I can do that false logic, fake umbrage stuff too, Heini.

        1. Heini says:

          In that they are all human beings, yes. It’s not fake umbrage, I’ve been a professional orchestral player for over 30 years so I can empathise with those players. I haven’t ever seen or heard any reports of what the players thought of Toscanini but would very interested to know if they despised him for this behaviour or thought that the results justified it. He would be loathed and mocked these days for losing it like that.

    2. NYMike says:

      As far as I know, Toscanini never fired anyone. Away from the podium, he was pleasant. Today, union rules and orchestra committees would prevent such behavior. BTW, Koussevitsky also put on quite a show at rehearsals, walking off the stage in a huff and having to be begged back to finish the rehearsal.

      1. NYMike says:

        Copied and pasted from another site:

        Cesare Civetta
        7 months ago
        Only Toscanini was permitted to misbehave like that. Stokowski, for example had a rehearsal suspended because of his offensive words to a player and it couldn’t continue until the union representative showed up and Stokowski had to apologize to the player.
        The NBC Symphony musicians accepted Toscanini’s screaming because they understood it wasn’t mean spirited. They refused any mis steps from Reiner and Szell, for example. It should be mentioned that Toscanini did travel twice to Palestine to establish what is now the Israel Philharmonic, gratis, in solidarity with the young Jewish refugee musicians. And he gave affidavits and helped musicians fleeing the Nazis, gain entry visas, homes, and jobs in the U.S. And despite his crazy behavior, he never fired an NBC musician in the 17 years of the orchestra’s existence. His will stipulated that his wife, should he predecease her, continue his funding of Verdi’s Rest Home for Aged Musicians in Milan. And in the 1920s at La Scala she had standing orders that if a musician from the orchestra ever approached her in hardship, she was to give them monetary assistance, no questions asked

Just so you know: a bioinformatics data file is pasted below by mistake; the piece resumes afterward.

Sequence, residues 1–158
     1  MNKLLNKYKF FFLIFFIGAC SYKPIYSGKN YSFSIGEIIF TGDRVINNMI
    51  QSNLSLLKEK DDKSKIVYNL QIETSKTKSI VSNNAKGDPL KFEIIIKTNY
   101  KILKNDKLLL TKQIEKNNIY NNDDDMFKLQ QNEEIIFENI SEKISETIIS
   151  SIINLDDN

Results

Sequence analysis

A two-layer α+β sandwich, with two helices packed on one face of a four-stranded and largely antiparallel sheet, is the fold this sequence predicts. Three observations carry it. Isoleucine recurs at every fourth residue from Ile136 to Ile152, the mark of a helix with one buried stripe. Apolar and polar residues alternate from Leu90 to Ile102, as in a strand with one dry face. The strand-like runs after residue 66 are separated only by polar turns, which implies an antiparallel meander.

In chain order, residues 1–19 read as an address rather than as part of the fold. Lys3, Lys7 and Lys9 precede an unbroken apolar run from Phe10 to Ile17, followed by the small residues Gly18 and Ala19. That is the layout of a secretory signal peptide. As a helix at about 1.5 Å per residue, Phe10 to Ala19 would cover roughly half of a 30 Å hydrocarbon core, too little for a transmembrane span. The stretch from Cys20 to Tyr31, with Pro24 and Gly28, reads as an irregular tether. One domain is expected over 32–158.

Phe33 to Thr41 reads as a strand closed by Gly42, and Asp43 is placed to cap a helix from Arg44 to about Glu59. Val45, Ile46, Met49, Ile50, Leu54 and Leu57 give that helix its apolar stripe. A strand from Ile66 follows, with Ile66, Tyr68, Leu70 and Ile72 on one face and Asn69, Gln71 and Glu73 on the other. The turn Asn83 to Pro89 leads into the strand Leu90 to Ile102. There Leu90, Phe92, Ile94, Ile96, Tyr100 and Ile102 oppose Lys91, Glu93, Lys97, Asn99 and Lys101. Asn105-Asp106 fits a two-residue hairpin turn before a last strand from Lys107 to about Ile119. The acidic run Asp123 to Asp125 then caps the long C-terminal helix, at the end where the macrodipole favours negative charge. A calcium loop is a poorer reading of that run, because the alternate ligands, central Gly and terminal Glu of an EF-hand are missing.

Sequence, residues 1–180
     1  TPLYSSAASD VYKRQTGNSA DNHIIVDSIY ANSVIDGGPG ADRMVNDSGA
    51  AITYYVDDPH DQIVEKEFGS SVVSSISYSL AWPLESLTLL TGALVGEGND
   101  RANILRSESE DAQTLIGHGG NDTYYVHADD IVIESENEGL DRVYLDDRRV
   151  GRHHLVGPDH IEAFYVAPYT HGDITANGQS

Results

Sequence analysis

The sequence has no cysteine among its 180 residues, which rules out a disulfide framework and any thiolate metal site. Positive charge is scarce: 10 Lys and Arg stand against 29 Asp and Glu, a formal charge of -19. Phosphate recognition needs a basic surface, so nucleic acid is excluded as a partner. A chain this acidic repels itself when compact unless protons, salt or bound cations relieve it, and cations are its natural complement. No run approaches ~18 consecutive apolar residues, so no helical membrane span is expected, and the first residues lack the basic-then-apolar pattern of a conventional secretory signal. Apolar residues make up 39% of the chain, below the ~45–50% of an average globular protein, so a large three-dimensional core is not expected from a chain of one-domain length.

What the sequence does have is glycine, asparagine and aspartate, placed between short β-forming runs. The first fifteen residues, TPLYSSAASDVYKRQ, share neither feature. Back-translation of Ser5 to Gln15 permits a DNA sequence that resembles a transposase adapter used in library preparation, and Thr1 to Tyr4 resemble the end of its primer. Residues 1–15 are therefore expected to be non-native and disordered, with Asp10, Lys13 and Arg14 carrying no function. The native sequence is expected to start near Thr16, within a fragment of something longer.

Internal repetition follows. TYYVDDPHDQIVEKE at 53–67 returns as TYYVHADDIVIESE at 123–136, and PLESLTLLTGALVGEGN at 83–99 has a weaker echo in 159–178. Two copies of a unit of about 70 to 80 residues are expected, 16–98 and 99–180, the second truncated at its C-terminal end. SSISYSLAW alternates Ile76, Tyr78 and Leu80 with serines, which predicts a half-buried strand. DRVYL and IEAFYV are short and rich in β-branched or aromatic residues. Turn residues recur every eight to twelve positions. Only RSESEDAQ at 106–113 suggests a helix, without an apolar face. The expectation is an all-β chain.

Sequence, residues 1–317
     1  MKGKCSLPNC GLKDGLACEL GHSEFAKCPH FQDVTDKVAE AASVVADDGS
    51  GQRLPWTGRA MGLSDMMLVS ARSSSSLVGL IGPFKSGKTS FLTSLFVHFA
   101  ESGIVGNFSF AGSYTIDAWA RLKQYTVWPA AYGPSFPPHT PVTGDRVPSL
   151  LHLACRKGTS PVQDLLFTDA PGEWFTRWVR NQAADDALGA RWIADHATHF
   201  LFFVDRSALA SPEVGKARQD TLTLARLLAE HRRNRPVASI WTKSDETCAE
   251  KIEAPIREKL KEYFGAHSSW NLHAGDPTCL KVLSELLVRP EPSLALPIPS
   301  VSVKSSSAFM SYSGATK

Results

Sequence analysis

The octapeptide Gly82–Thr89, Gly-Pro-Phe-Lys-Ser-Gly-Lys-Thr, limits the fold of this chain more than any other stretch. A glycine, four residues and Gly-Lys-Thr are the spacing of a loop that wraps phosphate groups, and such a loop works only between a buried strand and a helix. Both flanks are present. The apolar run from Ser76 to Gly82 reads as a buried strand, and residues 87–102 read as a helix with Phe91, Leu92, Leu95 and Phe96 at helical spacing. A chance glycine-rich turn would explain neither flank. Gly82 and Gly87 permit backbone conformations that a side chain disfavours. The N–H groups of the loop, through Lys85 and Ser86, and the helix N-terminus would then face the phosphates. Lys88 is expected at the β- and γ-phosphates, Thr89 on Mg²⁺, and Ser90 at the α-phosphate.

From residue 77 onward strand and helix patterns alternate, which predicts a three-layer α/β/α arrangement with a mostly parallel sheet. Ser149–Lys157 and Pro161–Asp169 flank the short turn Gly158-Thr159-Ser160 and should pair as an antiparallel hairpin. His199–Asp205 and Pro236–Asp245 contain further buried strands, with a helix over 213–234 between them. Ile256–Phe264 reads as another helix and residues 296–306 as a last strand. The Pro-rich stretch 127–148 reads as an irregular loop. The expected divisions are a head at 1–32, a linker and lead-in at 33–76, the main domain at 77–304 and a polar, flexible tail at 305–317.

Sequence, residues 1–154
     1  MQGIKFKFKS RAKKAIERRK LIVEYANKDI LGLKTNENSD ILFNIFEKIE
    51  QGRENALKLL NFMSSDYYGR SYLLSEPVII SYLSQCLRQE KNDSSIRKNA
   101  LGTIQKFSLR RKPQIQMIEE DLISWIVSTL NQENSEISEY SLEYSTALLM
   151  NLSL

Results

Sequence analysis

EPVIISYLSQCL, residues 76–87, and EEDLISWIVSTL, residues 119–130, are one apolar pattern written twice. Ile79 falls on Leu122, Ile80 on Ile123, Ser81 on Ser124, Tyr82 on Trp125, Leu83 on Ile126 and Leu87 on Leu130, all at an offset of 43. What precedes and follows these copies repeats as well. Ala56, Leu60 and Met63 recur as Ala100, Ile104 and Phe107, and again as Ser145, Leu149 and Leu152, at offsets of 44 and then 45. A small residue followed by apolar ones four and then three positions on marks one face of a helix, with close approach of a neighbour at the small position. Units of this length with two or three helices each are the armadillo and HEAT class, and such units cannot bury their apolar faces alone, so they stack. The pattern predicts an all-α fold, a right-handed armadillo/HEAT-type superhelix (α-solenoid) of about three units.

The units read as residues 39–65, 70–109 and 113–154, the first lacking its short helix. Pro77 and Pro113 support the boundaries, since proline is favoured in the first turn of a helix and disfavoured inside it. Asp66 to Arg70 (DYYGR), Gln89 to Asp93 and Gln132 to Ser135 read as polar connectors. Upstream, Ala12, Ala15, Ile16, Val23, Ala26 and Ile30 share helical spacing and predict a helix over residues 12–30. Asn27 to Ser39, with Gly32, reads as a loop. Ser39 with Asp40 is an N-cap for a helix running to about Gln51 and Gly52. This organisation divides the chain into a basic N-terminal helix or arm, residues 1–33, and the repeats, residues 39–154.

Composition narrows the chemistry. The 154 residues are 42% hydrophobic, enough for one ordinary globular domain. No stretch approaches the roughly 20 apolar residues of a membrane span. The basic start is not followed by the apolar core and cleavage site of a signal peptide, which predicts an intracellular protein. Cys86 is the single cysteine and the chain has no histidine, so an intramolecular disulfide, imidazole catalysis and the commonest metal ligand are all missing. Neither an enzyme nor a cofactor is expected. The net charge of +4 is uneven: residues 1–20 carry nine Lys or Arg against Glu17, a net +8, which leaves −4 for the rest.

1. harold braun says:

          Szell and Reiner were much more dangerous….

      2. Alexander Platt says:

        Precisely — which was why in Boston, his successor Charles Munch was seen as such a relief…..on the other hand, as much as I adore CM’s recordings, he was not the most ardent disciple of the act of rehearsing….no conductor is perfect.

  4. Ungeheuer says:

    “What musical intimidation really looks like”

    Argerich gives Dutoit the look of death on a couple of occasions. Even says something (unintelligible) to him. Hell hath no fury than a woman scorned.

    1. Sue says:

      The Charlie and Martha show; where she get to bang out her frustration at the keyboard.

  5. John Borstlap says:

    Toscanini was a peasant, and like some peasants he liked screaming at his cattle.

    Another demonstration:

    1. Sue says:

      Yes, he WAS a peasant. You are absolutely right. Mind you, ‘the screaming skull’ wasn’t much of an improvement!!

      1. Alexander Platt says:

        By “screaming skull” do you mean Sir George Solti, the man whom many here in Chicago still worship as the former maestro of the CSO? And that Wagner “Ring” Cycle wasn’t so bad either

      2. Stephen says:

        Sir Georg Solti was and remains my favourite conductor. He never abused players and got astonishing results from an unpromising Covent Garden orchestra. In Chicago there was no need for shows of temper.

        1. Furzwängler says:

          Wasn’t Solti known as the Screaming Skull by his London band?

          1. Olassus says:

            He had two.

    2. Pianofortissimo says: